Even with a number of large-scale projects being built, West Michigan developers say they’re still thinking big for 2019. Multiple real estate and construction executives say they see no sign of the industry slowing down in the new year, although many believe companies’ focus could shift away from market-rate housing in downtown Grand Rapids.
Stakeholders in West Michigan’s commercial real estate, architecture and construction industries are coming off another big year for development and see few signs that indicate a significant slowdown in 2019.
With a backlog of construction projects extending out two years at Triangle Associates, Jim Conner feels “cautiously optimistic” heading into 2018. Conner says the company’s diversified clients ranging from education to health care to industrial work should keep it busy even in the event of a downturn.
Tower cranes constructing offices, hotels and apartments dot the skyline in and around downtown Grand Rapids.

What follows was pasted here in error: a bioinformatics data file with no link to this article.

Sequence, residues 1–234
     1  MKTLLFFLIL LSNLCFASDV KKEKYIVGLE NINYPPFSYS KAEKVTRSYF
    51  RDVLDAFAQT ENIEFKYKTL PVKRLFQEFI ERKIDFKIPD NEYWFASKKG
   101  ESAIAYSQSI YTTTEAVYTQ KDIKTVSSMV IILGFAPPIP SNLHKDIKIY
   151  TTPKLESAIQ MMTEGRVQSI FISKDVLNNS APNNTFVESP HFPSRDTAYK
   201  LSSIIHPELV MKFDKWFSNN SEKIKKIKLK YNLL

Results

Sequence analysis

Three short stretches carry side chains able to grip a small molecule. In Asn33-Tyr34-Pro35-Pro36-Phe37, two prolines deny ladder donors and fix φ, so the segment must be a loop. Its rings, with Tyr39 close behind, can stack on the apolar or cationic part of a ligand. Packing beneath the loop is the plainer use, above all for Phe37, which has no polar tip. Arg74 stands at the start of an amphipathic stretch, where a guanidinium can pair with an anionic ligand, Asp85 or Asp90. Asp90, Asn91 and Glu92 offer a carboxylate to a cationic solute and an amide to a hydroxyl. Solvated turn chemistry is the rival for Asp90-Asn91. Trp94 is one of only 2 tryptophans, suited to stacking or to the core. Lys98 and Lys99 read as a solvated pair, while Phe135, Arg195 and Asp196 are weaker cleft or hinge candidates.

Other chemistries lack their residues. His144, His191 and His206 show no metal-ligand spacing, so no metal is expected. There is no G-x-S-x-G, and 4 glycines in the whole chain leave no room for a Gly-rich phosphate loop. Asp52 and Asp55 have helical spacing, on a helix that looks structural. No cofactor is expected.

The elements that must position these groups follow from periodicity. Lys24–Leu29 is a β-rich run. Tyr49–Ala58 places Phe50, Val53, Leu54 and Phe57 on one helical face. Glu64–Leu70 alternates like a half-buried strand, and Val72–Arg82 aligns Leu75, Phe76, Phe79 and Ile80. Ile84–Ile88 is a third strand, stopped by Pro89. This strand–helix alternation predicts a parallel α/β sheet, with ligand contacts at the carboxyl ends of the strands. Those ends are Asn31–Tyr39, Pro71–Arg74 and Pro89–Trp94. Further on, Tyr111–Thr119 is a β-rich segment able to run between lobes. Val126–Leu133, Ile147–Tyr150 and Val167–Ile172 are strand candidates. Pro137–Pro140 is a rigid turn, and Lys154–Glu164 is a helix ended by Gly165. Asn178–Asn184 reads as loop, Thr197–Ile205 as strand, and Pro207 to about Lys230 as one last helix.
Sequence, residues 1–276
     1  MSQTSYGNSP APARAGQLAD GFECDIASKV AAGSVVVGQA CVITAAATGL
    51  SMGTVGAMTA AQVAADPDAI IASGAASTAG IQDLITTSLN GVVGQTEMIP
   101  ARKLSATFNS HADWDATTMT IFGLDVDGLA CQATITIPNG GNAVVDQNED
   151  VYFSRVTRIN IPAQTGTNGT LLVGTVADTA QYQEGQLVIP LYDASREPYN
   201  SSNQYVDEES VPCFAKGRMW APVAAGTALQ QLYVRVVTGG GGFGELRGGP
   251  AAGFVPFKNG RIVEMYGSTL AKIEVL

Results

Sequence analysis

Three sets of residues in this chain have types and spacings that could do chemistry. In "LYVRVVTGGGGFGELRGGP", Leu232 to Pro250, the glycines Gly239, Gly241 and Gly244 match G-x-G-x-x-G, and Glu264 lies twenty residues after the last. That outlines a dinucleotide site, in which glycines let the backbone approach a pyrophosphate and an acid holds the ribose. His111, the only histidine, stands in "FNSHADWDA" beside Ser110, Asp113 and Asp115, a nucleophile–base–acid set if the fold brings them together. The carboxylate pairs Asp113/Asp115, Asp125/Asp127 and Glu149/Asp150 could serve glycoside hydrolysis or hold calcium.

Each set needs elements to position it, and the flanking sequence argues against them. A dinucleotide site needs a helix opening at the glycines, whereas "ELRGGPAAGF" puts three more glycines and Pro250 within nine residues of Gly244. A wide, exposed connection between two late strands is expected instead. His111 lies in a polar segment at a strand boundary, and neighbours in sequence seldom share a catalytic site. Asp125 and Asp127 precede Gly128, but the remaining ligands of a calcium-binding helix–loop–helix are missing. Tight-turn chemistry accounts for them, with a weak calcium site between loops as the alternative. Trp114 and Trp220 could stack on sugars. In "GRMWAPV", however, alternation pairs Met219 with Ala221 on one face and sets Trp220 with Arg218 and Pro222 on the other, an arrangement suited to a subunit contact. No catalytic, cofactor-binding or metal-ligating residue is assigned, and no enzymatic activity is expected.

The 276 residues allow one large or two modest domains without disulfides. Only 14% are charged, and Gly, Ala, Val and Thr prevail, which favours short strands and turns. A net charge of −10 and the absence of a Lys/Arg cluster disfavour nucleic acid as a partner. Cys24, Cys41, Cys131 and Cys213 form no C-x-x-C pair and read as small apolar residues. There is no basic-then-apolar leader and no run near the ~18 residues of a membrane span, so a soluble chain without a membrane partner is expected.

Stakeholders in West Michigan’s commercial real estate and construction industries remain generally upbeat as they look toward the second half of the year.
Despite entering a period of plateauing vehicle sales, West Michigan car dealers remain optimistic even as they wrestle with consolidation and the need to upgrade their facilities.
By and large, 2016 made for a record year for many in West Michigan’s commercial real estate and construction sectors.
Despite ongoing concerns about a talent gap, employment in West Michigan’s construction industry continues to rise.
SPRING LAKE — The residential housing boom in downtown Grand Rapids has led one West Michigan manufacturer of commercial casework and other custom furniture to shift its focus.
The airspace above West Michigan could become considerably more crowded now that a new federal ruling makes it easier for companies to use drones.